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Saraswati Puja

Saraswati is the Goddess of Knowledge, learning, Arts and Music. The name Saraswati came from "saras" (meaning "flow") and "wati" (meaning "a woman"). So, Saraswati is the symbol of knowledge; its flow (or growth) is like a river and knowledge is supremely alluring, like a beautiful woman.

Saraswati Puja is one of the most popular festivals among Bengalis celebrated with great fun and enthusiasm. The day is also called Basanta Panchami or Sri Panchami, which falls in the Bengali month of Phalgun of the Bangla calendar; that is between January and February of the Gregorian calendar.

The Goddess Saraswati is worshipped with bel leaves, fresh white/yellow spring flowers (mainly marigolds, chrysanthemums, palash), grains of spring (specially, malt), phaag and abhro (herbal powdered colours) and white sandal wood paste. 'Palash' flowers are considered to be the essential component in Saraswati Puja. The puja is considered to be incomplete without using Palash flowers. Books, articles, instruments of music and arts, earthen inkpots and bamboo quills are placed before her. The ink is made from unboiled milk water, colour powder and silver glitter called abhro. Devotees give 'Anjali' to the goddess and pray for their future.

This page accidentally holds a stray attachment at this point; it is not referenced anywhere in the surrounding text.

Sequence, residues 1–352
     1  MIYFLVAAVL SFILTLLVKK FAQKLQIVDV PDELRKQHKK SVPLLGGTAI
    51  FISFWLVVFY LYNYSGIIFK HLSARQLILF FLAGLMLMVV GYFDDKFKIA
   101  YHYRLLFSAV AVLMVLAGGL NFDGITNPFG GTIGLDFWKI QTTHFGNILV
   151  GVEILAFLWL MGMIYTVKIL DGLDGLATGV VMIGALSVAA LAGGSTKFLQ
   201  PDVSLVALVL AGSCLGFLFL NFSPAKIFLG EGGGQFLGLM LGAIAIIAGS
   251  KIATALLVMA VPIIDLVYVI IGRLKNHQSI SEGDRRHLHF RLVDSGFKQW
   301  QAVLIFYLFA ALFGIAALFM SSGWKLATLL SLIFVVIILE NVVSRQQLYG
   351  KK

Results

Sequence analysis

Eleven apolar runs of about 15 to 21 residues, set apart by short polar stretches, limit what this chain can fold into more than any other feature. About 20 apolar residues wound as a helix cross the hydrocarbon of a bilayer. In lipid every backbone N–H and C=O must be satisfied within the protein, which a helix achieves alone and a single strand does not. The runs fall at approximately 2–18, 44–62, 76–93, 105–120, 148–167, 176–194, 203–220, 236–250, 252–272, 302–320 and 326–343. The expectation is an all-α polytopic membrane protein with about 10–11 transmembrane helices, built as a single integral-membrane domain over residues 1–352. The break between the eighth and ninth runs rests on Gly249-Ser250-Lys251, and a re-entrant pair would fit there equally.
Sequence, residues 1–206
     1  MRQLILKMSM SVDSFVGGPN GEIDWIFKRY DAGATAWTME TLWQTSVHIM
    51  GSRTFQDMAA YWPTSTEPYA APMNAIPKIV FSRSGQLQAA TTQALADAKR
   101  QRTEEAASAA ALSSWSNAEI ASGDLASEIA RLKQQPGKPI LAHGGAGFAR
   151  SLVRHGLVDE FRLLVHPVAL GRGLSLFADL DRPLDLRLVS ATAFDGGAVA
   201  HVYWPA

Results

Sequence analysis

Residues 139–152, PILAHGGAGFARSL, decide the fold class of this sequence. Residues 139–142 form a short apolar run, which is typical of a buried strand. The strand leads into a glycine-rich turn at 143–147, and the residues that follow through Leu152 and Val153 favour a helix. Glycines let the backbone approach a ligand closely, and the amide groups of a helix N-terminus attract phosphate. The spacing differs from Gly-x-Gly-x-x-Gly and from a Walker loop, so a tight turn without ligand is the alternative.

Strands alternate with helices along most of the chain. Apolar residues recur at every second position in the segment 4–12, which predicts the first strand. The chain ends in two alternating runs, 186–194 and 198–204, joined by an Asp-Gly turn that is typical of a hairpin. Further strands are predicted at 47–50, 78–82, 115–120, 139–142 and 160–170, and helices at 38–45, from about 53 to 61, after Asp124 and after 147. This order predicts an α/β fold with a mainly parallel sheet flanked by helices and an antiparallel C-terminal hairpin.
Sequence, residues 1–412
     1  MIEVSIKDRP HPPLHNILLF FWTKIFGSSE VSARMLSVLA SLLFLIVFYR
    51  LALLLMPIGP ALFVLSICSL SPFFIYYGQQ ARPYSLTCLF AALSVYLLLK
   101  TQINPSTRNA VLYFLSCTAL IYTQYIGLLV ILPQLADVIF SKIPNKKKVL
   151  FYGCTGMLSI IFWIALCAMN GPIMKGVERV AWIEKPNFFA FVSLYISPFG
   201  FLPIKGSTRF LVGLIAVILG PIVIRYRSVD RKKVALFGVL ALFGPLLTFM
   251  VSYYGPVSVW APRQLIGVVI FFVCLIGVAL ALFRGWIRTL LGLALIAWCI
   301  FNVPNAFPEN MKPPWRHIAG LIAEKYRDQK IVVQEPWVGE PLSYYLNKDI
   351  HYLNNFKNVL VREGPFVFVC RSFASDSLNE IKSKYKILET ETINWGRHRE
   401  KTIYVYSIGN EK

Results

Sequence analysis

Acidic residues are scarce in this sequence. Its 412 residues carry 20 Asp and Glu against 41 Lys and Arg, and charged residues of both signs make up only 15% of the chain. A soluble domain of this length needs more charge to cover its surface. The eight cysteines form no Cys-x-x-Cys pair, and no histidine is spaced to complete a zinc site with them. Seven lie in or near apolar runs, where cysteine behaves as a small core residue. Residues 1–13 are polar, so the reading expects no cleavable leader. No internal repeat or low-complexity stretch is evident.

The color yellow plays an important role in this festival. People usually wear yellow garments ('Baasanti') and the Goddess is worshipped dressed in yellow, and yellow sweets are consumed within the families.

The most significant aspect of this day is that children are taught reading and writing their first words on this day - as it is considered an auspicious day to begin a child's education. This ceremony called 'Hatey-Khori'. Saraswati Puja is celebrated in schools, colleges as well as homes. On this day students invoke the blessings of the goddess for success in learning, arts and crafts.

Saraswati Puja is also the day of eating plums. Plums, called ‘kool’ in Bengali are the most sought after fruit on the day of Saraswati Puja. 'Kooler Chatni' is a must for that day. 'Kool' or plum is a fruit of spring time. Hence, it must be eaten on the day of Saraswati Puja.

On this day nobody writes or reads any book, or play any musical instrument. This signifies that the goddess is blessing the books placed in front of her that day. Generally Prasad is distributed amongst the devotees.

In the evening after the Puja is over or the following day, the idol is immersed in the sea, river (mainly Ganges) or in ponds with serenity. Alternatively the deity remains in the family puja room for a year till the next Saraswati Puja.

All children dip their bamboo quills into the earthen inkpots and write "Om Sarswatyai Namah" on the bel leaves or on a plain piece of paper the following day, and rebegin their studies.


Durga Puja
Laxmi Puja
Saraswati Puja
Rabindra-Nazrul Jayanti